BATTLE IN A DREAM
a solo piano recital at the Moscow International House of Music
September 31, 2014
Anonymous (Early XVI century): A Galyarde
William Byrd: The Battell
John Cage : Dream
William Byrd: Will yow walke the woods soe wylde
Henry Purcell: Ground in C minor
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Henry Purcell: Suite in G major
Johann Pachelbel: Chaconne in F minor
John Cage: In a Landscape
Anonymous (Early XVI century): My Lady Careys Dompe
Henry Purcell: Chaconne in G minor
Johann Pachelbel: Canon in D major
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Encore: Henry Purcell: Rondo in D minor
I was about to begin this text with something like this: "True minimalists lived in the 16 th – 17 th centuries." And then I thought you might say: "Hmm, there he goes again talking about that minimalism." And it’s true: the word is so unfit. Human language is very limited, and every time we attempt to express something important we discover that our language simply doesn't work.
How can we explain what this music sounds like?
How can we explain that it is more contemporary than contemporary music?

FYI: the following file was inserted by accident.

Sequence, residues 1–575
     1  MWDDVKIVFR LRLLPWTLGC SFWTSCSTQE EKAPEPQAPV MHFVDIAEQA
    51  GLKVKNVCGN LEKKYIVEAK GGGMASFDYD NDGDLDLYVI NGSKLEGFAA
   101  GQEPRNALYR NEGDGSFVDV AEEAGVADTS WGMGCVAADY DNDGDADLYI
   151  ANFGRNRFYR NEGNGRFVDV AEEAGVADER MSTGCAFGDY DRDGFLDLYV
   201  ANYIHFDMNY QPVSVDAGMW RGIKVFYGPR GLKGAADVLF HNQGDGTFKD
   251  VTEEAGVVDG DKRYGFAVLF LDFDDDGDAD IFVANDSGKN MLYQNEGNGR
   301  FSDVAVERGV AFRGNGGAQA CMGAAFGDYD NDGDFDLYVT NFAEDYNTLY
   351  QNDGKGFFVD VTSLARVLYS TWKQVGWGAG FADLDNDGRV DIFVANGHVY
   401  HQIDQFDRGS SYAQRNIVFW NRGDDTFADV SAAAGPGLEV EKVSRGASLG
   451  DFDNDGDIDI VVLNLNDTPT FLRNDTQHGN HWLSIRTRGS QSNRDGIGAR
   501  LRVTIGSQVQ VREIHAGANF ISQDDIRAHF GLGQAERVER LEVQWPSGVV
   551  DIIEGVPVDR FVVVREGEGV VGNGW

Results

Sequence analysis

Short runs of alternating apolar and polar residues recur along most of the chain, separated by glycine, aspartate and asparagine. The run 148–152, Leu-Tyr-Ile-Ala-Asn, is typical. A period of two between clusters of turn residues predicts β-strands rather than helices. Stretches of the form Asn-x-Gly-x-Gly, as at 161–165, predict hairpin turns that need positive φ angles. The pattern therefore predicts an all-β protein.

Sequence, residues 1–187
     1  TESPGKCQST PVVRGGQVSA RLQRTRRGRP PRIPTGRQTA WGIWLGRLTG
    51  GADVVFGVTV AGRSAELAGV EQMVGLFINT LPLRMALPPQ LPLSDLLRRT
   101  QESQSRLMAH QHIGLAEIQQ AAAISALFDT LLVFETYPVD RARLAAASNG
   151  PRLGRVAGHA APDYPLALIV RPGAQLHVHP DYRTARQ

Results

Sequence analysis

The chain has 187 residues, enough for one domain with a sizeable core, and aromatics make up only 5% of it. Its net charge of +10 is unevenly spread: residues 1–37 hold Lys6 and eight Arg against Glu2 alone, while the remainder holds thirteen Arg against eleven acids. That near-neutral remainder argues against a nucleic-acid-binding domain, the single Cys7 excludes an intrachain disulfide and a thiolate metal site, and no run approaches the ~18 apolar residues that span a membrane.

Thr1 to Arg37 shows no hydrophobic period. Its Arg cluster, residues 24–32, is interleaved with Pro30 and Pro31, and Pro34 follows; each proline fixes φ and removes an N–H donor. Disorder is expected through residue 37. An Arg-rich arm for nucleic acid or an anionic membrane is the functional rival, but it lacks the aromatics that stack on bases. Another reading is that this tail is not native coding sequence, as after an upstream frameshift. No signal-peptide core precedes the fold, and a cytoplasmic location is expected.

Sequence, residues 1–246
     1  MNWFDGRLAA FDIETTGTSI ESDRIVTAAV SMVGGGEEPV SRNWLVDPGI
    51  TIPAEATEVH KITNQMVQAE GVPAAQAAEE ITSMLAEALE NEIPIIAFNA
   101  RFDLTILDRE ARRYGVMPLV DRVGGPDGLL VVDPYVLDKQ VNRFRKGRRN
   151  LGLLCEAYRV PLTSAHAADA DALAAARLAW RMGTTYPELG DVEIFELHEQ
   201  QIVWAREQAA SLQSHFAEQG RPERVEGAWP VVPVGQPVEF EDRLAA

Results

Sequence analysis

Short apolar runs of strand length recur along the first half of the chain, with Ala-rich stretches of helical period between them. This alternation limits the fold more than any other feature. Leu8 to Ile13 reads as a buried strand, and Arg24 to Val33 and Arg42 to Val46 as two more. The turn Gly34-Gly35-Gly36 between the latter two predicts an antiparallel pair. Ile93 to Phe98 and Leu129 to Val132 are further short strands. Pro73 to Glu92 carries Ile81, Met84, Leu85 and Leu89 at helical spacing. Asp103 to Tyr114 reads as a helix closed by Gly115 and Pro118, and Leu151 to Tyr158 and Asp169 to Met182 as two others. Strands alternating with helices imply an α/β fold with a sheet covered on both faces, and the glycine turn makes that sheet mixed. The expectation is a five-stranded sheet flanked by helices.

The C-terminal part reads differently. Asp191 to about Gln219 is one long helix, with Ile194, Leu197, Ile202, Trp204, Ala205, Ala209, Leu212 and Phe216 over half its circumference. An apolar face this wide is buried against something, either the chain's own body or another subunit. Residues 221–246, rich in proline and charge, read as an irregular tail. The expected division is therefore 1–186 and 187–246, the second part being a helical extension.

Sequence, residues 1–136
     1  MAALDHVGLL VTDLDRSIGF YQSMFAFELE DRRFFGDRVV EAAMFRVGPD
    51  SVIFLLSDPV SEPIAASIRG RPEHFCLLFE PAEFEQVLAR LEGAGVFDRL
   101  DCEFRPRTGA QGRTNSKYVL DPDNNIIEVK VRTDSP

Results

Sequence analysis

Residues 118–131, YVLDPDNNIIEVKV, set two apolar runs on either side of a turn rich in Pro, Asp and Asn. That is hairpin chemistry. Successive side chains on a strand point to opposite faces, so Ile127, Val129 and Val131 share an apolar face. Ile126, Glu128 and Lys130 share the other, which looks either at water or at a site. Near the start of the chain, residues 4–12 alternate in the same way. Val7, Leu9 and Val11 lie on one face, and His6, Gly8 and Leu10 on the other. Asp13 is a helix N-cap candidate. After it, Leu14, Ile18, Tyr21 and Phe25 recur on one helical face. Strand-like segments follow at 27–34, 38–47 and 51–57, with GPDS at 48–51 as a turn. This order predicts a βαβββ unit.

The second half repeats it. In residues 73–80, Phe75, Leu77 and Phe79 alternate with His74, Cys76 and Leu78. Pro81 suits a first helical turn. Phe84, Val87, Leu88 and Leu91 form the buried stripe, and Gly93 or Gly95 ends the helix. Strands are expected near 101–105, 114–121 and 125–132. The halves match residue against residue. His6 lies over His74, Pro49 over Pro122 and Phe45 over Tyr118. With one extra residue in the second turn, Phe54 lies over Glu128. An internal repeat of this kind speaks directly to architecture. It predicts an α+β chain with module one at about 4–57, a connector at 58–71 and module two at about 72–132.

How can we explain that in the sounds written 300 – 500 years ago one can hear the whole volume of all European music of several centuries, as well as everything we now call ethnic music, from bagpipes and Celtic fiddles to Indian sitars?
A refined scent of jazz, and a punk band playing in a club around the corner.
A dramatism stronger than Beethoven's, and the larger-than-life boundless space of a rock ballad.
As for the compositional technique, it is pretty simple. Composers of that time used to write the same things over and over again: exercises of sorts, endless variations on a chord sequence. Not only does this never get boring, but the longer you listen, the less you want it to stop. Each variation opens a door in front of you, and you walk through this endless enfilade and realize that it is none other but a way home.
And this, you could say, is minimalism.
All compositions included in this programme were written certainly not for piano. The works of William Byrd, Henry Purcell and anonymous composers are for the virginal (a British modification of the harpsichord). The works of Johann Pachelbel are for organ (Chaconne), and for strings (Canon). I play them on a modern piano, and I treat the scores with a lot of freedom. I don't change even a single note but for some reason it sounds as if it was written this morning.
Two pieces by John Cage are the only exception. They were written in the mid 20th century for piano or harp. Their presence in this programme helps us forget that music can be old or new.